For comparing two images, one can use the Peak Signal-to-Noise Ratio (PSNR) metric, defined as follows:

$\mathrm{PSNR} = 10 \cdot \log_{10}\left(\frac{\mathrm{MAX}^2}{\mathrm{MSE}}\right) = 20 \cdot \log_{10}(\mathrm{MAX}) - 10 \cdot \log_{10}(\mathrm{MSE})\ dB.$

with $\mathrm{MAX}$ being the maximum gray-scale value ($2^8-1 = 255$ in my case), and $\mathrm{MSE}$ being the mean squared error.

My question is, among the definition with division ($\mathrm{PSNR}_{\div}$) and subtraction ($\mathrm{PSNR}_{-}$), which one is the most numerically accurate? And which one is the most computationally efficient?

I made an experiment with MATLAB R2015a, and for some MSE values, I have different scores. For instance, knowing that the machine epsilon is $\epsilon = 2.2204e{-16}$, for $\mathrm{MSE} = 1708.25$ and $\mathrm{MSE} = 1710.00$, I have $\left| \mathrm{PSNR}_{\div} - \mathrm{PSNR}_{-} \right| = 1.42109e-14$ and $7.10543e-15$ respectively. What can I conclude?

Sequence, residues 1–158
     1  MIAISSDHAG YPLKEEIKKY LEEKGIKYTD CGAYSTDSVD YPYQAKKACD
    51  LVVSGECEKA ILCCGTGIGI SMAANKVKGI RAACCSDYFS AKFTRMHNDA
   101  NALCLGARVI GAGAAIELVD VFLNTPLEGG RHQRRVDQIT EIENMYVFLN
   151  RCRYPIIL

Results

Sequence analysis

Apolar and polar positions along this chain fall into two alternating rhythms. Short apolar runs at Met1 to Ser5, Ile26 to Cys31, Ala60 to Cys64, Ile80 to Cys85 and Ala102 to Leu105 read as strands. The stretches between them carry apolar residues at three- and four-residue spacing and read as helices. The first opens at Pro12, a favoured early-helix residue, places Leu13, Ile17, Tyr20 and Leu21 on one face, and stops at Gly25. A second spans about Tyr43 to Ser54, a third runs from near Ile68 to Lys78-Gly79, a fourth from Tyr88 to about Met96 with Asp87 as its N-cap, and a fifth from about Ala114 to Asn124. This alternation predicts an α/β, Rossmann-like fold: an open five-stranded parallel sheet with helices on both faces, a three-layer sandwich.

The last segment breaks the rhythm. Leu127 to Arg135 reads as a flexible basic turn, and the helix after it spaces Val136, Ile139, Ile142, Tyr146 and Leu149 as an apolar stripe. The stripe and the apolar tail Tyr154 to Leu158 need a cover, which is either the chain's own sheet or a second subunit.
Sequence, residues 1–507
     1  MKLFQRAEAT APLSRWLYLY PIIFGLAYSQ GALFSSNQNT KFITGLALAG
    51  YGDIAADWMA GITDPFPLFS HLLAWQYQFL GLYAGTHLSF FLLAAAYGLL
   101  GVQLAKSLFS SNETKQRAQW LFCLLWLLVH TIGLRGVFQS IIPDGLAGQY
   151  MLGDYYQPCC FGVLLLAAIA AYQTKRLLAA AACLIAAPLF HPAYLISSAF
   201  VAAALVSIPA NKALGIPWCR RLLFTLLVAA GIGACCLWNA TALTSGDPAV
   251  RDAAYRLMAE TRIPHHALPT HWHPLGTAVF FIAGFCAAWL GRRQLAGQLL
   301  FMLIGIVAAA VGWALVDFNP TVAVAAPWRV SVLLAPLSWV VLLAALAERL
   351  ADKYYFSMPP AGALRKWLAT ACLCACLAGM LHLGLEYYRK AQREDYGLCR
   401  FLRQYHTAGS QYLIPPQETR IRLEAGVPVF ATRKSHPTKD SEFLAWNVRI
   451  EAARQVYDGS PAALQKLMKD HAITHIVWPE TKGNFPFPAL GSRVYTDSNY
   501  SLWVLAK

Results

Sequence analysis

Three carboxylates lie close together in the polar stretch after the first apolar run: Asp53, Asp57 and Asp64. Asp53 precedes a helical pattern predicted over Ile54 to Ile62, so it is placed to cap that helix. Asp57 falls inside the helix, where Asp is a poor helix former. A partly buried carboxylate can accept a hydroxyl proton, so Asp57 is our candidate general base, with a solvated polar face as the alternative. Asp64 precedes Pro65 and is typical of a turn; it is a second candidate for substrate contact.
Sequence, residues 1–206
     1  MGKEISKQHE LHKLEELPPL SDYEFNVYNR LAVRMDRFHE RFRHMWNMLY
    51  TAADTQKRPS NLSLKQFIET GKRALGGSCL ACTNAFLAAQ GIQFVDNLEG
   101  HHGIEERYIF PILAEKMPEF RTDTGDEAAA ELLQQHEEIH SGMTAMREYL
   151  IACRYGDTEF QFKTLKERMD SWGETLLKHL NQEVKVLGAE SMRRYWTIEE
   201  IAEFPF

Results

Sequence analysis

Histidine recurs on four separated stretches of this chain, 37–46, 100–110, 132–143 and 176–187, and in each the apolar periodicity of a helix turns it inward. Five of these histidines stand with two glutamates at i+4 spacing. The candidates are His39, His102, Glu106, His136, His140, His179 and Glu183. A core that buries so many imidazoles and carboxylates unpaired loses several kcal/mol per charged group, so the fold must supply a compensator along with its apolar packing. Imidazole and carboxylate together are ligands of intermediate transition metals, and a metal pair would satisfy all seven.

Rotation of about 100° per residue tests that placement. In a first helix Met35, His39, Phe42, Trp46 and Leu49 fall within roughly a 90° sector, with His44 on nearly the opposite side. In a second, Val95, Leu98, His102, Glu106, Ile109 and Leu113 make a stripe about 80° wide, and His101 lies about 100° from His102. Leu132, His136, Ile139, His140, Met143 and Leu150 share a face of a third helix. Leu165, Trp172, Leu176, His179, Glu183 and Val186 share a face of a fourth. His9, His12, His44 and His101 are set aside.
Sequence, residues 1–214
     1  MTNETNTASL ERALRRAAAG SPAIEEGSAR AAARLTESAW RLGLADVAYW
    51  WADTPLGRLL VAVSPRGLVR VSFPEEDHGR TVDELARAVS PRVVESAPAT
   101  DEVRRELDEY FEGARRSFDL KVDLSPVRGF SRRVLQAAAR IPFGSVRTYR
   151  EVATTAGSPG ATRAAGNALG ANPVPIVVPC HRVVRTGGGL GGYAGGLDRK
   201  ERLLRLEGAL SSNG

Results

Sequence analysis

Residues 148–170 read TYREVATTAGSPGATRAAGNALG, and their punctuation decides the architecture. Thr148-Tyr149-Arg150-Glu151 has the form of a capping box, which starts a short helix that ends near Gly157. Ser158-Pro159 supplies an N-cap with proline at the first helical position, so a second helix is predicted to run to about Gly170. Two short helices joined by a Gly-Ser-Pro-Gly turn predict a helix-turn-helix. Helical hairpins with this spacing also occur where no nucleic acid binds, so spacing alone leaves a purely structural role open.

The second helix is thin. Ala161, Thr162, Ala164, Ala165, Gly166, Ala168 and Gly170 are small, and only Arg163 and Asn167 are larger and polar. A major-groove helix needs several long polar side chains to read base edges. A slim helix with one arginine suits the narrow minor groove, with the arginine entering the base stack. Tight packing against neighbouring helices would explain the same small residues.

Note: in $\mathrm{PSNR}_{-}$, $20 \cdot \log_{10}(\mathrm{MAX})$ can be reduced to a pre-computed constant.

  • $\begingroup$ One aspect of your question is numerical analysis, which should be on-topic here. As for what is more efficient on particular hardware, this seems off-topic; also, the simple answer is what you've already done – time both options. $\endgroup$ – Yuval Filmus Dec 13 '18 at 22:14
  • $\begingroup$ I am interested in answers, ranging from the mathematical to hardware aspects. If the numerical analysis is on-topic, it is a good start! However, I do not understand why floating-point instructions are off-topic? It is not always easy to choose the appropriate StackExchange network for such complex questions. But I am not sure that the mathematical aspects can be separated to the hardware ones for a precise answer. $\endgroup$ – benlaug Dec 13 '18 at 22:19
  • $\begingroup$ Answers pertaining to particular architectures are typically off-topic here. $\endgroup$ – Yuval Filmus Dec 13 '18 at 22:21
  • $\begingroup$ Ok, I just edited my question. $\endgroup$ – benlaug Dec 13 '18 at 22:22
  • $\begingroup$ Note that I did not monitored the time for both options. I actually checked the absolute difference between the numerical results given by both options. $\endgroup$ – benlaug Dec 13 '18 at 22:25

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